So I think clearly, the key to really restoring freedoms of the press and getting away from the old habits of denying visas and permits for travel which apply, frankly, to humanitarian actors as well, and that’s another issue we continue to push for is humanitarian access so that people in need can be assisted.  Those are issues we would think that a civilian-led transitional government would tackle and try to get away from the bad practices of the past and unfortunately that are going on currently.

Moderator:  Thank you for that answer.

The next question was submitted in advance by Mohamed Abdallah with Nile News Egyptian TV in Cairo.  He asks:

Question:  When will America lift sanctions on Sudan in a move to help the country overcome the difficult stage it is going through?

Ambassador Booth:  I think there’s a lack of understanding about the U.S. sanctions.  They were actually lifted in 2017.  They were provisionally lifted in the beginning of 2017 and then formally later in the year.

There are still some sanctions on individuals, particularly sanctions related to gross human rights abuses that were voted through the UN Security Council.  There are a number of other issues that would limit U.S. ability to provide assistance, but are not sanctions per se.

The main one that people recognize is the current designation or ongoing designation of Sudan as a state sponsor of terrorism.  But there are also limitations on any assistance we can provide outside of the humanitarian and democracy governance area due to shortcomings of Sudan in the area of child soldiers.  It’s an issue we are engaging General Hemeti in particular on, and I’m pleased to say that he has last week committed to allow the International Committee of the Red Cross and UNICEF to investigate that.  We’ll see if they secure his cooperation in that matter, but the commitment was made.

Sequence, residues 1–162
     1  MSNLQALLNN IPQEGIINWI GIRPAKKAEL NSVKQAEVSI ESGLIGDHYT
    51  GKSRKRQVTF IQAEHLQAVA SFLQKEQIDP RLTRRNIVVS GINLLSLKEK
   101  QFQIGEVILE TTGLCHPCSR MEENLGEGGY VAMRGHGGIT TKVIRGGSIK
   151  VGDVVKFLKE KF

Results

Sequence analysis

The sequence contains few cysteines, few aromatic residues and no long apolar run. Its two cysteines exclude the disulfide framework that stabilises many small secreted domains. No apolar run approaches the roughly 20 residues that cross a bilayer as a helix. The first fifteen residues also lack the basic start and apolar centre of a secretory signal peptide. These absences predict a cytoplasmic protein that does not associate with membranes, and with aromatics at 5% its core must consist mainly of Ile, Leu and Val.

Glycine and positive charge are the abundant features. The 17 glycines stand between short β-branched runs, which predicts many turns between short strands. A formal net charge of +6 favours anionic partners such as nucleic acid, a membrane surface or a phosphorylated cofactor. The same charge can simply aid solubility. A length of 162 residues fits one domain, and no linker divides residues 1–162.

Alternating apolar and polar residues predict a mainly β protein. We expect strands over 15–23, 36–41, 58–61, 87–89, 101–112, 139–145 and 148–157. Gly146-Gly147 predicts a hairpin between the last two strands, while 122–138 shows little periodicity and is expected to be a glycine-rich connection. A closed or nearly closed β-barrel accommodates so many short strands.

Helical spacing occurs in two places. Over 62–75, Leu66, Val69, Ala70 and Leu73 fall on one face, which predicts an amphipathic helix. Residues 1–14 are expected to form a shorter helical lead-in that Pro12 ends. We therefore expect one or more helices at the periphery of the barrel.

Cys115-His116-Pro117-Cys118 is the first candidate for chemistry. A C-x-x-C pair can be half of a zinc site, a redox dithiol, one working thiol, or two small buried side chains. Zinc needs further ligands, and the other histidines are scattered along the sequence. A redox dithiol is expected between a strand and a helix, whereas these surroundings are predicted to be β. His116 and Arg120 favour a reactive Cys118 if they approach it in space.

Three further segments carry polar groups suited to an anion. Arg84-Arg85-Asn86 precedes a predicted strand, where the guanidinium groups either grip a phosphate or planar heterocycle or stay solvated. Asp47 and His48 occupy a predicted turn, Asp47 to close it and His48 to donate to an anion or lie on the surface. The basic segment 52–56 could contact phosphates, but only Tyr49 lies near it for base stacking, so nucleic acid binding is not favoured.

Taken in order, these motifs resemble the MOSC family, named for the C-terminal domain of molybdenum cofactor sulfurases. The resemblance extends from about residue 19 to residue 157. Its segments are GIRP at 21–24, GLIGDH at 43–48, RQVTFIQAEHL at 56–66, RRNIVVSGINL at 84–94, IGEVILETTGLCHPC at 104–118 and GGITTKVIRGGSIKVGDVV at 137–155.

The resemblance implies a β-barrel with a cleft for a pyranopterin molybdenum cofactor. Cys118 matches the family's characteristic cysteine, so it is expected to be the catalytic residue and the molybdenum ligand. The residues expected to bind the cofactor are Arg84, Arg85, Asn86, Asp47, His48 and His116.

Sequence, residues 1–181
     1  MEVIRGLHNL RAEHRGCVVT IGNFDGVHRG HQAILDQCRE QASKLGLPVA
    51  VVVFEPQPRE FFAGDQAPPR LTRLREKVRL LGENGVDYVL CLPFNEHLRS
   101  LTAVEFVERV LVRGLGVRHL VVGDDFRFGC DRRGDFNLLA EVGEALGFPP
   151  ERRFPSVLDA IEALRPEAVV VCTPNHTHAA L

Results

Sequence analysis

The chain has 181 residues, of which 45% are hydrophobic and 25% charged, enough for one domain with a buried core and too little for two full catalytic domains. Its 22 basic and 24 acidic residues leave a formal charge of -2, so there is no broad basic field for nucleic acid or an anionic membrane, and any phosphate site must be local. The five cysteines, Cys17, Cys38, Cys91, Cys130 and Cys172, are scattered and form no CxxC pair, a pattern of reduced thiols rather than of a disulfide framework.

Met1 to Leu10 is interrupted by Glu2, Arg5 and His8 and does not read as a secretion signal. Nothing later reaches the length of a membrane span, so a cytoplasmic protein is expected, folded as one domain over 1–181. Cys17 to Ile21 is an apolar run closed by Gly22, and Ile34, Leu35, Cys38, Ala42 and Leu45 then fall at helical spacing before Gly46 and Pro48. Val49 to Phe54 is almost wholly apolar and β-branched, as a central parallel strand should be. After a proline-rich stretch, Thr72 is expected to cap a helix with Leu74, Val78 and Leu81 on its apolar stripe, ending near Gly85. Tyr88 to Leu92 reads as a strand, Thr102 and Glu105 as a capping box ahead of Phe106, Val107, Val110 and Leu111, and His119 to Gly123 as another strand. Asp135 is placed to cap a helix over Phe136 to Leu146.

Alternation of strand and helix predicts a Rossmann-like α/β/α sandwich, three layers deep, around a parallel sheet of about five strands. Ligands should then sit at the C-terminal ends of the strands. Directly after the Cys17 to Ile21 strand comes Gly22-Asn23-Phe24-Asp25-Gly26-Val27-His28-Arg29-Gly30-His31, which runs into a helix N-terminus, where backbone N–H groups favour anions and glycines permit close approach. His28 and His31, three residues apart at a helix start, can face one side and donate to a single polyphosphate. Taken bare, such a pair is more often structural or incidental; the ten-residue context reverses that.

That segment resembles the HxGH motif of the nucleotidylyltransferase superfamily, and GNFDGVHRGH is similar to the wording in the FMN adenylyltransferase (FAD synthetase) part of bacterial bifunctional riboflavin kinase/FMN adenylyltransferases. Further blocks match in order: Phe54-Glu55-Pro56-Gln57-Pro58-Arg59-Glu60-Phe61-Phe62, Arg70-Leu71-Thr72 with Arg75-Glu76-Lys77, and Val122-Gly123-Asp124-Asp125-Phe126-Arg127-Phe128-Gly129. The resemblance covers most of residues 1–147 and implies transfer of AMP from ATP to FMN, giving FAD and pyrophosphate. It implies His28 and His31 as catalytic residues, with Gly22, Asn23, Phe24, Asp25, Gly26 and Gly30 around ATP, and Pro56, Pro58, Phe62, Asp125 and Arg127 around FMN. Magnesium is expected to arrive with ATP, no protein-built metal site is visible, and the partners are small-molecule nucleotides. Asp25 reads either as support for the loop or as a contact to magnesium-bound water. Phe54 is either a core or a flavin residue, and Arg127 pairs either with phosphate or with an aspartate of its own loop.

We also have concerns about trafficking in persons and lack of Sudan’s focus on trying to deal with that issue.  Religious freedom is another area where we have concern.  So there are many things that limit what the United States can do in the assistance area, but again, having a civilian-led transitional government we believe will be a start, if they start addressing these issues, to being able to engage Sudan on looking at all these issues where we still have restriction.

Moderator:  Thank you.

Our next question comes to us from Pearl Matibe with NewsDay Zimbabwe.

Question:  Good morning, Ambassador, and thank you very much for being available to us.  I’m Pearl Matibe.  I’m with NewsDay Zimbabwe.

I’ve spoken to many Sudanese living here in the Washington, DC area, across the United States, who are in contact with mothers of martyred people inside Sudan who have very specific concerns.  Among those are, is the, are there two separate constitutional agreements and will there be any type of public consultative process that will include women and some of the protesters as to what will be included in a final agreement?  Their concern is they want to see an agreement that will not provide immunity to the TMC, but offer accountability for the massacres.  And the types of measures of how power will be divided, and hopefully that the military will not have significant powers.  And how is civilian oversight over that security sector be in this initial agreement before you move on to a further agreement?  Thank you so much.